SeventeenOrBust is a DistributedComputing project working on a problem in NumberTheory called the SierpinskiProblem. More technical and historical information about the project can be found at the SeventeenOrBust web site, http://www.seventeenorbust.com/ and forum http://www.free-dc.org/forum/forumdisplay.php?s=&forumid=38.
SeventeenOrBust has a Seventeen Or Bust wiki. Hopefully you already know this, because you're looking at it right now.
How we are attacking the problem
The aim of the project is to find primes of the form k * 2n + 1, where k is one of the remaining 17 (now 6) candidates for Sierpinski numbers smaller than 78557, and n a positive integer. In order to find such a prime, we have a long queue of candidates, and we are running primality tests called PRP (PRobable Prime), which take a very long time, for every candidate in the queue. Because PRP takes so much computational power, we try to eliminate as many non-prime numbers as possible from the queue by Sieving, which means to take a (relatively) small integer and check whether it is a factor of one of the tests we are going to run. If there is a factor, the number is not prime and thus doesn't need to be tested. Finally, before running a particular test, one can make a last effort to find a factor for the particular k,n-pair in a few hours before running a test which will take several weeks. This is called Factoring.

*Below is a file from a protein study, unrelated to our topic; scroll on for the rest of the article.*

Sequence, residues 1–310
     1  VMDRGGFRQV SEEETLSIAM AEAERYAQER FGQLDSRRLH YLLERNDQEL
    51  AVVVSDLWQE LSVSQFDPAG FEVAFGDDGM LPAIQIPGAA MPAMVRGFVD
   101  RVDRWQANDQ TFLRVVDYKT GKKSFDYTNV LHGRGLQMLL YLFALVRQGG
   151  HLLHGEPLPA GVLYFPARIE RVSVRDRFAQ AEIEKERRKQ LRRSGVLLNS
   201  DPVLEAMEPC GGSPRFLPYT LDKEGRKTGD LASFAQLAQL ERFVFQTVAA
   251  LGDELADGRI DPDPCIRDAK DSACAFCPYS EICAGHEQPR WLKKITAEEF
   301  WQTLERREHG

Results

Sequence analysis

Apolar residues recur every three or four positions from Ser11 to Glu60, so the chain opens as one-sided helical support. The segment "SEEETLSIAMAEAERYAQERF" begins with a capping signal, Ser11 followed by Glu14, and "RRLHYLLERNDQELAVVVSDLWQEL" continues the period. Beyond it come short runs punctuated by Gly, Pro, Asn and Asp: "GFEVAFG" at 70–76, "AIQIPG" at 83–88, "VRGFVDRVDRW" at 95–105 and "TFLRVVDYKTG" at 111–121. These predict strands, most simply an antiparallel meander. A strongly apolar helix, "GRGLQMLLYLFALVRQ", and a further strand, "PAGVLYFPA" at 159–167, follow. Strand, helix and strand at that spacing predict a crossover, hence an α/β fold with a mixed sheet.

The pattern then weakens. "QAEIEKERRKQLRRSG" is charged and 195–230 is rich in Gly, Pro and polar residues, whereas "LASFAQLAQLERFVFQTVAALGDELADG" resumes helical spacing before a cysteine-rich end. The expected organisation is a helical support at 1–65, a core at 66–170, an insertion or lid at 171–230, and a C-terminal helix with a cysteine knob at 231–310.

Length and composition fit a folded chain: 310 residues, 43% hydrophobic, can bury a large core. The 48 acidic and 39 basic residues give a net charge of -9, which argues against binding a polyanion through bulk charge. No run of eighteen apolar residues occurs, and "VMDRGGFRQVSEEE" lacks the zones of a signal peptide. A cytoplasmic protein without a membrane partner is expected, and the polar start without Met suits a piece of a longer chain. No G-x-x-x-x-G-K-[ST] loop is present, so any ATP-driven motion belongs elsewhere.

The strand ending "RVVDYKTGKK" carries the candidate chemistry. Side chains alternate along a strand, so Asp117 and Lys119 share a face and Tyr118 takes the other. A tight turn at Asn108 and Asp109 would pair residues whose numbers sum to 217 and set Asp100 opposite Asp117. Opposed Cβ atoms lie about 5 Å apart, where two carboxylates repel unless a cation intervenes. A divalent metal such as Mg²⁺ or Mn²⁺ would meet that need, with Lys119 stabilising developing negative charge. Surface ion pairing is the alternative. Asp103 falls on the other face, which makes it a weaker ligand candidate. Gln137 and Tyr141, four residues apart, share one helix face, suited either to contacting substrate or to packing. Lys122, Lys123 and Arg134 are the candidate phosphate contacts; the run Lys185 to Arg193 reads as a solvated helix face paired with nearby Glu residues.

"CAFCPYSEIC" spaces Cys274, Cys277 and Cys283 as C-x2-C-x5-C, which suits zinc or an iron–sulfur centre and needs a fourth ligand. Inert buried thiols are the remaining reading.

As of October 2007, SeventeenOrBust has discovered ten huge prime numbers (see PrimesDiscovered). The latest and largest discovery ranks as the seventh largest prime ever discovered, and it is the largest prime that is not a MersennePrime. Six of the ten primes rest in the Top 100. Check out ChrisCaldwell's PrimePages, or our page on the SierpinskiProblem, for more information.
The project was originally a collaboration between long-time friends LouieHelm and DavidNorris. The first public version of the software was released on April 1, 2002. Since then, many, many people have contributed in various ways to the project. MikeGarrison is our system administrator and does a great job taking care of the machines our server runs on. PhilChapman, FritzRedeker and MattEdson have donated a lot of hardware and currently provide for our Internet hosting. GeorgeWoltman contributed the hand-tuned assembly code that makes our software so fast. Many others have contributed mathematical, logistical and practical insight, suggestions, and moral support.